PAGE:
There is no doubt that Chapman alumni are doing extraordinary things post-graduation, and Annie Ackerman ’14 is no exception to that. After receiving her B.A. in television broadcast journalism with a minor in public relations, Annie landed a job as the executive assistant to the president of Lifestyle Network, NBCU Cable Entertainment in New York City, where each day is a new adventure waiting to unfold. Check out Annie’s story to hear more about how Dodge College of Film and Media Arts was the catalyst for her exciting life in the Big Apple, and to learn her tips for success!
Chapman University: Tell me about your Chapman story.
Annie Ackerman: I was a spring admit to the University. I started at Dodge College of Film and Media Arts Spring 2011. Because I was a spring admit, I wanted to get involved at Chapman as quickly as I possibly could. Pete Weitnzer, director of the broadcast journalism program, allowed me to attend
, our student-run newscast every Friday before I had officially started as a full-time student. I am so grateful for that opportunity, as it allowed me to quickly get acclimated and I never felt behind. I worked in the Office of Admission during my time at Chapman, interviewing prospective students and assisting parents with the college admission process. I truly believe everything works out the way it is supposed to. I would change nothing about my Chapman experience!
CU: What are three words you would use to describe your Chapman experience?
AA: Rewarding, fun, too short!
CU: How were you involved on campus during your time as a Chapman student?
AA: I was an anchor, reporter and producer for
. I also worked in the Office of Admissions and was a board member of a political club.
CU: How did your experiences at Chapman prepare you for the role you are currently in?
AA: I attribute major milestones and positive experiences as a young professional to my Chapman education! And honestly, I’d be nowhere without my family’s support.
CU: What are you doing now?
AA: I am an executive assistant to the president of Lifestyle Network, NBCU Cable Entertainment. My boss oversees five networks: Bravo, E!, Oxygen, Esquire and Sprout. I think people imagine my job is like being an assistant to Miranda Priestly, Meryl Streep’s character in
The Devil Wears Prada,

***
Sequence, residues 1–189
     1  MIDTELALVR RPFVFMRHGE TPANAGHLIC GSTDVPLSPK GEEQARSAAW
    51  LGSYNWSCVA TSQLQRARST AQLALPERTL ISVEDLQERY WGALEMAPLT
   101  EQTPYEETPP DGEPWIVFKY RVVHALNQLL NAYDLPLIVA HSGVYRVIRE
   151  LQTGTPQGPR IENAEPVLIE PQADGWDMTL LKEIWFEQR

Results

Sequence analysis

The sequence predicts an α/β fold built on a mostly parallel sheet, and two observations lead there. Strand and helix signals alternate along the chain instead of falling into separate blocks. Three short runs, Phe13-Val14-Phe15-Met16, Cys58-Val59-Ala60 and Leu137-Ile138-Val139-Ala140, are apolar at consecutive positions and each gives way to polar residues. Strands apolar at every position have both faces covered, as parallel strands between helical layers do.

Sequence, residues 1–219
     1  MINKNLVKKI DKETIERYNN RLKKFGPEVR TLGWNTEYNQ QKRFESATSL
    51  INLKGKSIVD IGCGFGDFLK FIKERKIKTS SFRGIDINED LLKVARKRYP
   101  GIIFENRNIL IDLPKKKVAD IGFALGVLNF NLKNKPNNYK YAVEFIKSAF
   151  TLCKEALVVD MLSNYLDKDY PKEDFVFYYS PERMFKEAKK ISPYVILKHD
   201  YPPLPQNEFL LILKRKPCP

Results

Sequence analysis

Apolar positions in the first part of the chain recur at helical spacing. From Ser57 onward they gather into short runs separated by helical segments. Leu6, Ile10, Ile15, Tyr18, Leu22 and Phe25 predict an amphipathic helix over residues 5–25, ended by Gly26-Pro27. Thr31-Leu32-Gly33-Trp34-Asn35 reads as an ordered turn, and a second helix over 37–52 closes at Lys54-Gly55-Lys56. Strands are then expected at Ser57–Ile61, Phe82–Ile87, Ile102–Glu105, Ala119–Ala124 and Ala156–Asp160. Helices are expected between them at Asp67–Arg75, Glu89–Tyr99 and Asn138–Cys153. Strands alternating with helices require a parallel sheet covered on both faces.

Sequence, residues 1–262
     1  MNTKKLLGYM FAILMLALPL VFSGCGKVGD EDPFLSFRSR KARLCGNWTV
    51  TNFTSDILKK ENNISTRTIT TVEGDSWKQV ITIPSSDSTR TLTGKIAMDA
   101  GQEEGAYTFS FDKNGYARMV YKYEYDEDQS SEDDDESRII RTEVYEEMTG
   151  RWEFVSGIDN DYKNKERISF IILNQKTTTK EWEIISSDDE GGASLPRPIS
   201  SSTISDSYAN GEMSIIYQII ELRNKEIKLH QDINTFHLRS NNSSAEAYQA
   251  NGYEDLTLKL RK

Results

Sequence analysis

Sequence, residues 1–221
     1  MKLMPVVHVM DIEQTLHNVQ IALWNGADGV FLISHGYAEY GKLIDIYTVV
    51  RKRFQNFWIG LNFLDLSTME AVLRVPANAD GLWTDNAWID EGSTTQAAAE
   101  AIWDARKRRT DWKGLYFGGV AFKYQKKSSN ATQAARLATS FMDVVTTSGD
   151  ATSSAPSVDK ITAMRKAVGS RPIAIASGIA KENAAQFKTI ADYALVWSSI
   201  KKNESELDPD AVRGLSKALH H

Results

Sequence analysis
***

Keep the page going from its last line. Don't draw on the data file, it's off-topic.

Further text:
but it’s really
like that. In addition to ensuring everything in her world runs smoothly (her bi-coastal travel commitments, busy calendar, meeting organization and expenses), I get to assist on marketing campaigns, dabble in programming and development, assist with pitches, travel to L.A. with her and so much more. I love the accessibility I have to every department; it’s a huge learning opportunity and gives me a lot of exposure. Before assisting my boss, I spent one year in the NBCUniversal East Coast Page Program. The Page Program is a post-graduate rotational program where pages spend three months with different departments across the organization, learning as much as they can about the business and NBCU’s diverse portfolio of brands.
CU: Where do you see yourself in five years?
AA: I am currently figuring that out and using every opportunity to act as a sponge, absorbing and understanding everything I can about the business. I have wonderful mentors from Chapman and at NBCUniversal, including my boss.
CU: What is your favorite thing to do when you aren’t working?
AA: I love exploring NYC! I lived in Southern California my whole life, so as you can imagine, moving here was a big change. Record-breaking snow storms, a case of bed-bugs, living on the sixth story of a six-floor walk-up and embracing the subway system… I’m still here and it’s all been worth it! I like to think I acclimated rather quickly, but there is still so much to learn and experience.
A few things I really enjoy outside of work are binge watching
Sex and the City
with my roommates… In NYC, “brunching” is a verb; I’m constantly brunching, doing day-trips to Brooklyn, finding new museums to explore, and since I’m very lucky, escaping city life during the summer months and relaxing in the Hamptons with family friends who live there. It’s fun to experience seasons, meet new people and face challenges. I am learning a lot about myself!
CU: What advice do you have for incoming students? Is there anything you would have done differently during your experience as a student?
AA: Just be open! I have a brother starting college fall 2016 and it’s such an exciting time. Hearing him gush about everything he wants to get involved in not only makes me want to go back, but it’s a reminder of how quickly the time goes by. It’s important to set goals for yourself early on. Think about creating your legacy and the mark you want to leave behind. It seems cool to get involved in
student organization and club, but pick and choose wisely. You don’t want to over-commit yourself, so make sure you’re spending time on things that you are passionate about and that will prepare you for the future. Because after all, that’s a big part of what college is about!
CU: Are you currently involved with Chapman? If yes, why is being involved important to you?
AA: Staying involved with Chapman (and Dodge) is very important to me. The University gave me so much! I am constantly in touch with Chapman students who want to get their foot in the door in the film/T.V. industry. Not that I have too much wisdom to share (yet!), but it’s rewarding to watch television broadcast journalism students land internships and put them in touch with mentors who have helped me. When Professor Pete Weitzner makes his annual trip to New York with the T.V. and broadcast journalism students, I’ve been able to show them around 30 Rock and NBC. It’s incredible to see our Chapman NYC alumni network grow, and I’m lucky to be part of it.